There followed the first, and for many the most successful, important and pleasurable phase of Godard’s career, often termed the ‘Karina years’, from the name of his leading star, muse and wife, Anna Karina. The Danish-born actress stars in Une femme est une femme (1961), Vivre sa vie (1962), Le Petit Soldat (1963), Bande à part (1964), Alphaville (1965) and Pierrot le fou (1965). While borrowing variously from the musical, sociological drama, Algerian war film and science-fiction, the films share the New Wave features of location shooting, spontaneity and innovative camerawork, as well as a touching and desperate romanticism, making Godard’s films of that period both ‘intellectual’ and lyrical.
Godard’s 1960s work evidences three characteristic trends. One chronicles the modernisation (read Americanisation) of France and how this affects both the urban environment and human relationships – as in Une femme mariée (1964), 2 or 3 I Know About Her (1966) and Masculin-Féminin (1966). Another offers a gallery of seductive, yet ambivalent portraits of women, offering a penetrating analysis of their oppression under patriarchy and at the same time deploying gendered stereotypes (as in his recourse to the figure of the prostitute) – being thus both critical and complicit with the ambient misogyny. A third trend, as in Vivre sa vie, where Karina weeps at a screening of Carl Theodor Dreyer’s The Passion of Joan of Arc (1928), celebrates the director’s love of the cinema.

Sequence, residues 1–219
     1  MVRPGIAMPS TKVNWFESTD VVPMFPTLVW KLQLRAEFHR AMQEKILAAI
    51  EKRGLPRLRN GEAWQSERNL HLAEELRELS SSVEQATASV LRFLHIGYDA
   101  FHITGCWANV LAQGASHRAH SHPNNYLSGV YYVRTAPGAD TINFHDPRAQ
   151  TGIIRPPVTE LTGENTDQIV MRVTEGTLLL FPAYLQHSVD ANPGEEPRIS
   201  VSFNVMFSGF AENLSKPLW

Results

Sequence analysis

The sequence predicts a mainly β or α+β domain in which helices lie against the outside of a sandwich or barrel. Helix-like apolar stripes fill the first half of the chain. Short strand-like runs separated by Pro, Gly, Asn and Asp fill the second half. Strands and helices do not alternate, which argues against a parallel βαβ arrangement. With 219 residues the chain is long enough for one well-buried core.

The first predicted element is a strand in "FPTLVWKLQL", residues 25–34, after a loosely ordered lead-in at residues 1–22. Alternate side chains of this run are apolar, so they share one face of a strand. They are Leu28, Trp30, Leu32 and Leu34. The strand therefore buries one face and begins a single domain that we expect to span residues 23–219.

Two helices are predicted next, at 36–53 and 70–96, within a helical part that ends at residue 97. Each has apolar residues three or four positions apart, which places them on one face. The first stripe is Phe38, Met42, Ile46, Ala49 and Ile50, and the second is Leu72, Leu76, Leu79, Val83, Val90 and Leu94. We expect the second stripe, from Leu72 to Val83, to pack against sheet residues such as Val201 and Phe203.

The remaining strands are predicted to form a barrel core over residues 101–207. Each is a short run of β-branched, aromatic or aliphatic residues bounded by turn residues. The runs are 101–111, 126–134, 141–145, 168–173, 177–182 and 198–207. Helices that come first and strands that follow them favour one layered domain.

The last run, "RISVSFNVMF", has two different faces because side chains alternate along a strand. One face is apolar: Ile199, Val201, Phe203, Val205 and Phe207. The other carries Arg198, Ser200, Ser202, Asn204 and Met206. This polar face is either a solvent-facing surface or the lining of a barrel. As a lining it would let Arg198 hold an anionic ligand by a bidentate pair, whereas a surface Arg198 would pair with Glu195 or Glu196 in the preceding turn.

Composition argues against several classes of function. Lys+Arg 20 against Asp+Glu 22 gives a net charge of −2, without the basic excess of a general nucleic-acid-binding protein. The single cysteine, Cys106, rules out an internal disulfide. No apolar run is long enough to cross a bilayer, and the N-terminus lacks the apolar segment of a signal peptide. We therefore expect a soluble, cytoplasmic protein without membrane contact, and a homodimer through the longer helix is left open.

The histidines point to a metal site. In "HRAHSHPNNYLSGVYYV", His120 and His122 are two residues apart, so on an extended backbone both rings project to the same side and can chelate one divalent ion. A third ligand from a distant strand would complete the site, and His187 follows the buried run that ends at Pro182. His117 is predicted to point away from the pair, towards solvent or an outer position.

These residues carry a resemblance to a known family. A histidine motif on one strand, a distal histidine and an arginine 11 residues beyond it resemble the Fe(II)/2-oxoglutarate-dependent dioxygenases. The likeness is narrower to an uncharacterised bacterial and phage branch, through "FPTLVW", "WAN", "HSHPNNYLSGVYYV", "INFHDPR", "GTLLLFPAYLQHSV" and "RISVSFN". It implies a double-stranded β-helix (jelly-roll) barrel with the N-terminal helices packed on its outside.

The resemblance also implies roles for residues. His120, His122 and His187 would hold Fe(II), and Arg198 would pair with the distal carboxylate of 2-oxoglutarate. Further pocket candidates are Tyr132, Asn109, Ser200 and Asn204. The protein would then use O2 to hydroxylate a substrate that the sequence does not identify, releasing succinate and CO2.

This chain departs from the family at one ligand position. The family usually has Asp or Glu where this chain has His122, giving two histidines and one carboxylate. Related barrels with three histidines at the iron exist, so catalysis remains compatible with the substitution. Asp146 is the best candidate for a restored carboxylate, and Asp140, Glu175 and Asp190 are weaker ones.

The high point of this cinephile phase, although without Karina (she and Godard divorced after three years in 1964), is perhaps Le Mépris (1963), a film which also marks his growing preoccupation with ‘the end of cinema’. Deemed “the greatest work of art produced in post-war Europe” within the pages of Sight and Sound by film scholar Colin McCabe, Le Mépris stages a dramatic encounter between a popular star (Brigitte Bardot), a master of classical cinema (Fritz Lang), a bombastic American producer (Jack Palance) and a would-be scriptwriter/Godard alter-ego (Michel Piccoli) – against the background of the Cinecittà studios in Rome in the first half of the film and then the stunning Villa Malaparte in Capri. Lamenting the death of the medium (in his most beautiful film) of course did not prevent Godard from working with sounds and images for another five decades.